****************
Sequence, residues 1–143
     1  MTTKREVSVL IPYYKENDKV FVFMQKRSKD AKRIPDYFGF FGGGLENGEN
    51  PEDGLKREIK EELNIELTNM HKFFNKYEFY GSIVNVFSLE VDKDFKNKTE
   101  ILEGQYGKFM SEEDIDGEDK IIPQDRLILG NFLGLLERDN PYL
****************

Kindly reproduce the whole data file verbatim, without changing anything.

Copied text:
Sequence, residues 1–143
     1  MTTKREVSVL IPYYKENDKV FVFMQKRSKD AKRIPDYFGF FGGGLENGEN
    51  PEDGLKREIK EELNIELTNM HKFFNKYEFY GSIVNVFSLE VDKDFKNKTE
   101  ILEGQYGKFM SEEDIDGEDK IIPQDRLILG NFLGLLERDN PYL